Stop saying that Android’s big auto-coolwalk feature is a dud

However, the update came with several other changes as Coolwalk removed the status bar and relied entirely on the taskbar at the bottom of the screen. Similar to the Windows taskbar, this part of the user interface allows users to launch apps and display additional information such as the current time.

Depending on the head unit, the taskbar can be displayed either at the bottom of the screen or vertically on the side facing the driver.

Many users believe that the lack of taskbar customization makes Coolwalk a failed redesign, especially since using a vertical design could help save space, especially on smaller screens. However, configuring the taskbar makes sense in Coolwalk.

The first thing users need to note is that the size of the taskbar hasn’t changed with the release of Coolwalk. It’s the same size as before the update, so uses a similar screen size on the main unit.

The vertical taskbar seems to offer an improved experience, but it doesn’t.

When the taskbar uses a vertical theme, the quick control options that can be enabled through settings are no longer available. Also known as widgets, these buttons allow users to interact with other apps when Android Auto is running. When a navigation app is in focus, users can control music playback from the taskbar using the play and pause buttons. When Spotify is running in full screen mode, this area of ​​the taskbar is used to show the next turn for navigation.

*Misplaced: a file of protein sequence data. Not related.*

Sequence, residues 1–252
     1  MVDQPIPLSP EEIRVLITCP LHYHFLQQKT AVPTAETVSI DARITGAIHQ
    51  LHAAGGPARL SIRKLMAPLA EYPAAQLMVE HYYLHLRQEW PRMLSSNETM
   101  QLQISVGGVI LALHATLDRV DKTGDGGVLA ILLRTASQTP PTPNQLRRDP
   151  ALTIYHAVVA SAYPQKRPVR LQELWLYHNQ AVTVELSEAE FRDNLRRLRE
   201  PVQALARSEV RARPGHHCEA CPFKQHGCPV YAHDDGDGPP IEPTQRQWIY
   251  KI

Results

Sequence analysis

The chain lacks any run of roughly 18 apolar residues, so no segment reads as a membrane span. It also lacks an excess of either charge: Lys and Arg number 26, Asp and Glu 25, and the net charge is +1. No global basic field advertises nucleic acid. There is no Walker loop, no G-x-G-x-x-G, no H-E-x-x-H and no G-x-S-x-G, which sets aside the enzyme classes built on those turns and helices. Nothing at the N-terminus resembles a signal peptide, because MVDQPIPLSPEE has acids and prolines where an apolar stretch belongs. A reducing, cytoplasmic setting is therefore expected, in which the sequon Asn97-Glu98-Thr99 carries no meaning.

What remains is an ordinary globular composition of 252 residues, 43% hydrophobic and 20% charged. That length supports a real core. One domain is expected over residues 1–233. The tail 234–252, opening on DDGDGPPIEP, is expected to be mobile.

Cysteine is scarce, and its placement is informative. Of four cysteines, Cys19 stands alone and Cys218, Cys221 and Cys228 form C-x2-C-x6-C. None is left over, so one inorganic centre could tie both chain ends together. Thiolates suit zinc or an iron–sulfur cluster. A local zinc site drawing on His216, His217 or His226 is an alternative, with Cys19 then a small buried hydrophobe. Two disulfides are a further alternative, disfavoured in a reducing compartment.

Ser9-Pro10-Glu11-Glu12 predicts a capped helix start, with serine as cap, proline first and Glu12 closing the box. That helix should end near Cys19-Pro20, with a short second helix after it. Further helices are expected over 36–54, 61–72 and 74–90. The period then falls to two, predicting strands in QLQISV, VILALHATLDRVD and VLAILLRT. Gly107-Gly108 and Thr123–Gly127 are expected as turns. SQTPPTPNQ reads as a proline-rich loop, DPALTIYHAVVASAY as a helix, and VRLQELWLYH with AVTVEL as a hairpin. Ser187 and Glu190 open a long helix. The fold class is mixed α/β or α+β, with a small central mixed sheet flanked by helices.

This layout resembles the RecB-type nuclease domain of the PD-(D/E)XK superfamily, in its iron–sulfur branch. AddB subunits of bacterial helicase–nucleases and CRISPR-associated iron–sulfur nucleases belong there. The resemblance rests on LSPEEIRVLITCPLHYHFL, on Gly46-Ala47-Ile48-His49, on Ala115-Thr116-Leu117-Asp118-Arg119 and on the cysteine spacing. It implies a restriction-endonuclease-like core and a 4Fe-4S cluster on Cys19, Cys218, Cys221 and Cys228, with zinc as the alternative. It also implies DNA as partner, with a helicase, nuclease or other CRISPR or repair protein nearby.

The number of apps available in the taskbar is also different. When a vertical layout is used, only three icons appear on the taskbar. This is because the taskbar uses a smaller screen real estate on devices in portrait mode, so it doesn’t take up as much space as it does in horizontal mode.

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When the default configuration is enabled, the taskbar shows four icons.

Both Coolwalk and the previous version of Android Auto used the same approach in terms of available icons. The additional icon, only available when the taskbar is at the bottom of the screen, offers one-tap access to the latest app if it differs from the other three.

At the end of the day, having a taskbar at the bottom of the screen is the right approach, and Coolwalk, which doesn’t come with options to move it to the side, doesn’t make it a flop. Compared to CarPlay, where the taskbar is always vertical, Android Auto with a taskbar at the bottom of the screen makes sense. By design, this feature is not only located there, but also where it makes the most sense.